constructor of the decorated class (which may not even get invoked).

        If the decorator is declared with one or more arguments 
        (see Different class below), then the first item in ``args`` will be the
        **type** of the class being decorated (which
        will not have been passed in to the __init__()).

        This gets invoked immediately after self#__init__() if the decorator is 
        declared with one or more arguments, or when the "constructor" is invoked.
        print 'Decorator __call__ invoked with: ', args, kwargs
        if self._klass:
            print 'Decorated instance: ', self._klass.__name__
            return self._klass(self._name)
            print 'Setting up klass'
            self._klass = args[0]
            # Here we inject a 'class-level' static method
            self._klass.get_name = self.get_name
        return self._klass

    def get_name(self):
        return self._name

class Decorated(object):
    def __init__(self, name):
        print '>>>>> I am being decorated! <<<<<' = name

    def call_me(self, *args):
        print 'I\'m being called: ',
        print 'These are my args: ', args

# Notice how here a 'type' name (Decorated) has been completely 
# 'hijacked' to point to a specific
# instance of a DecoratorClass object (this provides 'closure')

print 'what is Decorated here?', Decorated
# >> what is Decorated here? <__main__.DecoratorClass object at 0x7f34b71308d0>

class Different(object):
    def __init__(self):
        # Notice how here we are using a 'static' method 
        # that has been injected by the decorator = Different.get_name()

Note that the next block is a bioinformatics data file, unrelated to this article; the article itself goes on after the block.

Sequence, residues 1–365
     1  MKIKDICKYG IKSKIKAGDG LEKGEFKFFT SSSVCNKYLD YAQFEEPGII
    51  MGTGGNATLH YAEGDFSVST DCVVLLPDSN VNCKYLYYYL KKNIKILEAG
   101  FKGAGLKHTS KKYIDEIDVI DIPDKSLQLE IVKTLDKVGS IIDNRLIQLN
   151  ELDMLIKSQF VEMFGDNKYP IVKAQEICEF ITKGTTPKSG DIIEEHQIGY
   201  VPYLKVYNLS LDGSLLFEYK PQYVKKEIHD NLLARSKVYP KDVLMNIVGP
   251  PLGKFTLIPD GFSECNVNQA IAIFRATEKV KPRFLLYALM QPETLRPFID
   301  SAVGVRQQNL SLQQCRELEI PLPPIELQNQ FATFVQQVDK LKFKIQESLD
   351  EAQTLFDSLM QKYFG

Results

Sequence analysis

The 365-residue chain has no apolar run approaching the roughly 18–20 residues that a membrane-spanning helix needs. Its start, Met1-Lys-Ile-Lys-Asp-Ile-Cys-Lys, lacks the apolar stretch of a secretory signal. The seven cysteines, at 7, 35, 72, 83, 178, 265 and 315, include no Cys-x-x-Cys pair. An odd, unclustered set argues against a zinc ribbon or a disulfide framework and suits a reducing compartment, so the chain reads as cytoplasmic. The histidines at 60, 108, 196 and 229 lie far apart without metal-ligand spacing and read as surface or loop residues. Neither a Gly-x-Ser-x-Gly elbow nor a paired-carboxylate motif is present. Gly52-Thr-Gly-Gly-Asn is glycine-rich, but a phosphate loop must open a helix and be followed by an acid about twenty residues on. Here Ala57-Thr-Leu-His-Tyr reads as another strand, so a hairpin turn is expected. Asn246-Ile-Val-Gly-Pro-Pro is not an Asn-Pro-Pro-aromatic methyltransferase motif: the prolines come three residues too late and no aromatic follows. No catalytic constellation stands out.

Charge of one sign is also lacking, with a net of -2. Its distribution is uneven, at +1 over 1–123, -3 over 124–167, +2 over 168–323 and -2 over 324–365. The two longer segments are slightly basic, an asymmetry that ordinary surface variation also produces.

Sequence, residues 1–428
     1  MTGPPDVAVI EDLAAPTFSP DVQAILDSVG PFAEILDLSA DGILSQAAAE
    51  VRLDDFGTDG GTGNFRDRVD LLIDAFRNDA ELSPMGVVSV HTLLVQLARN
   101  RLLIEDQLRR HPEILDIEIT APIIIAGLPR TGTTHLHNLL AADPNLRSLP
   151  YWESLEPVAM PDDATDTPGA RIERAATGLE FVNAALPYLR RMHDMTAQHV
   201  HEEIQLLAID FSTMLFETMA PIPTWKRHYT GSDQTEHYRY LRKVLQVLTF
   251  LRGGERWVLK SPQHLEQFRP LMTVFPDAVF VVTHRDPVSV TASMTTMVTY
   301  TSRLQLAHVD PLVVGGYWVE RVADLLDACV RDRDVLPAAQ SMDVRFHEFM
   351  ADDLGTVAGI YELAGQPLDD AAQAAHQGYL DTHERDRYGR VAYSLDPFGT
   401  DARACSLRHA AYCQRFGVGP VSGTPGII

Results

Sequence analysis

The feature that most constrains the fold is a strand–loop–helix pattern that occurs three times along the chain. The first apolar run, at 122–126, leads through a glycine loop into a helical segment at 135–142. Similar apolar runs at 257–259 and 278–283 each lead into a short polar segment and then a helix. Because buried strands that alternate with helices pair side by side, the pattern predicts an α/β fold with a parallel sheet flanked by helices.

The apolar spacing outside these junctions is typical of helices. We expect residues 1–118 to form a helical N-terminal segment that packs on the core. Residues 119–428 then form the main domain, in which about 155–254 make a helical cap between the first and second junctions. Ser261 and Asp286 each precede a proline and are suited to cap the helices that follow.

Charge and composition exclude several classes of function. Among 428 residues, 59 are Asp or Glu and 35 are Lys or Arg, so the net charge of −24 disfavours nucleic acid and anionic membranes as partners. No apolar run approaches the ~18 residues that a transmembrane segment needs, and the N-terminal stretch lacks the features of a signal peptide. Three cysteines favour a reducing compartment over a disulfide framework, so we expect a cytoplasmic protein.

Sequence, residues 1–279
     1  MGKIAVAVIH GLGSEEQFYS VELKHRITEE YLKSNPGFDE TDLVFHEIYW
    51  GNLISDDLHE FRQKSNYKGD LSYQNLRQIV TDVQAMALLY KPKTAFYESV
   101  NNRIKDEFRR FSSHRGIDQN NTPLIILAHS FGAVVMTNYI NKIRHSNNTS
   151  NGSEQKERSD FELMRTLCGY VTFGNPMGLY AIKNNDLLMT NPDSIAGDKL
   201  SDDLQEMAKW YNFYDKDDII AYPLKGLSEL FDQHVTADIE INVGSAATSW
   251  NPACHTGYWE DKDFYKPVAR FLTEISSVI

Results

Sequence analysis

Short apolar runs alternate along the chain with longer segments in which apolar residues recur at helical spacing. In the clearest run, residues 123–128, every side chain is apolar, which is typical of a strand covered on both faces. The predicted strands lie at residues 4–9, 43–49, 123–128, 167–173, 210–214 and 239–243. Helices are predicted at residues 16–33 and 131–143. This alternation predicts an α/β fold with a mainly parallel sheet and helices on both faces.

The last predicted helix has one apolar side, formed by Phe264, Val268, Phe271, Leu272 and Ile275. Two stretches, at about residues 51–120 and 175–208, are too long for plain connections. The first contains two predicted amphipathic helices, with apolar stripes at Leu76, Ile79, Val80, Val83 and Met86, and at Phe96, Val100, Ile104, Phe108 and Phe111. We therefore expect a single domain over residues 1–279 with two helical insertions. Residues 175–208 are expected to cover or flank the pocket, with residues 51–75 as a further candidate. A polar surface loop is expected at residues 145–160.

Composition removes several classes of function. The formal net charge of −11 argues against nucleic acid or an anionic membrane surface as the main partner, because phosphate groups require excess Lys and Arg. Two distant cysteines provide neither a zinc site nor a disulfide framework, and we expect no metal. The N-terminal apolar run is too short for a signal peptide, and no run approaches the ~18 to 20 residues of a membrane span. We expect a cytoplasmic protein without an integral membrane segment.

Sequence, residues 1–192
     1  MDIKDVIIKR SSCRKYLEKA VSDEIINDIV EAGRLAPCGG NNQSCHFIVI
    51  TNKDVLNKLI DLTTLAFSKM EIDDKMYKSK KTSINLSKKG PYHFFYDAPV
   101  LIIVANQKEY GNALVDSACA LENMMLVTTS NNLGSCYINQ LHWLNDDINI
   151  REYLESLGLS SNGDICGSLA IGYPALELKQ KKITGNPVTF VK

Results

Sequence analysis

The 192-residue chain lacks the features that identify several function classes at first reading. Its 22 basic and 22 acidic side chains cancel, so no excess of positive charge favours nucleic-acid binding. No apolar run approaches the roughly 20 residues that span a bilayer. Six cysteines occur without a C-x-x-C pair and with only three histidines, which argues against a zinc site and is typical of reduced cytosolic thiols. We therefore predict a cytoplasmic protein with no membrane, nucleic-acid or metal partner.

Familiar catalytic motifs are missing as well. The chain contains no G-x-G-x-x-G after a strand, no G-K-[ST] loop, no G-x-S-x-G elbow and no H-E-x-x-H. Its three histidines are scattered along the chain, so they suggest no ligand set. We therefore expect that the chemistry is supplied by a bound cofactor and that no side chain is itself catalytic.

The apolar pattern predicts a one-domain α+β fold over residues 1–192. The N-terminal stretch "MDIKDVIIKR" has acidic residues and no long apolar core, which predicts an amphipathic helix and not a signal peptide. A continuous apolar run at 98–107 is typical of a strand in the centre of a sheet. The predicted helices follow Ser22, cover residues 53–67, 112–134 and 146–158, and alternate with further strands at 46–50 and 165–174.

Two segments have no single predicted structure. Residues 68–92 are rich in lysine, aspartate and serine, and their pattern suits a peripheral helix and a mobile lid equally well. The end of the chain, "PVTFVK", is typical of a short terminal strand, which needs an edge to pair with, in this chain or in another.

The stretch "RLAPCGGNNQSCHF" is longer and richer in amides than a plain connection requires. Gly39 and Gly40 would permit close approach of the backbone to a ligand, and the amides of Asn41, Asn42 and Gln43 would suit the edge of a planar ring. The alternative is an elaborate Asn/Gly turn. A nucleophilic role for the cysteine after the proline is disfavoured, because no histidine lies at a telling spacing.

def method(self, *args):
        """This is the same implementation as Decorated#call_me(), 
        just to show how they behave differently
        print 'I\'m being called: ',
        print 'These are my args: ', args

    def __call__(self, *args, **kwargs):
        return 'Different called with: ', args, kwargs

# Here, Different is whatever DecoratorClass#__call__()  returned: 
# this happens to be what one would expect it to be (a Different class 
# type) but that's only because the code makes it so

print 'what is Different here? ', Different
# >> what is Different here?  

print 'Calling Decorated class constructor'
# Note how the params being passed here have no relation with the 
# constructor argument list and in fact, the name of the 'decorated' 
# class is not even given here, but in the decorator

# Due to the 'magic' of decorators, DecoratorClass#__call__() is
# instead invoked here,
# on the instance that was created at declaration
deco = Decorated(123, "Hello", foo='foo', baz='baz')

# Again, now ``deco`` here happens to be what one would expect it to 
# be (an instance of the Decorated class) but solely because the code 
# makes it so - it could have been anything, really

deco.call_me(1, 2, 3, 1)
# >> I'm being called:  default
# >> These are my args:  (1, 2, 3, 1)

print 'Creating now a Different class:'
# Here the call does actually invoke the constructor (__init__()) 
# for the Different class, and the returned object is again what one 
# would expect it to be (an instance of Different):
diff = Different()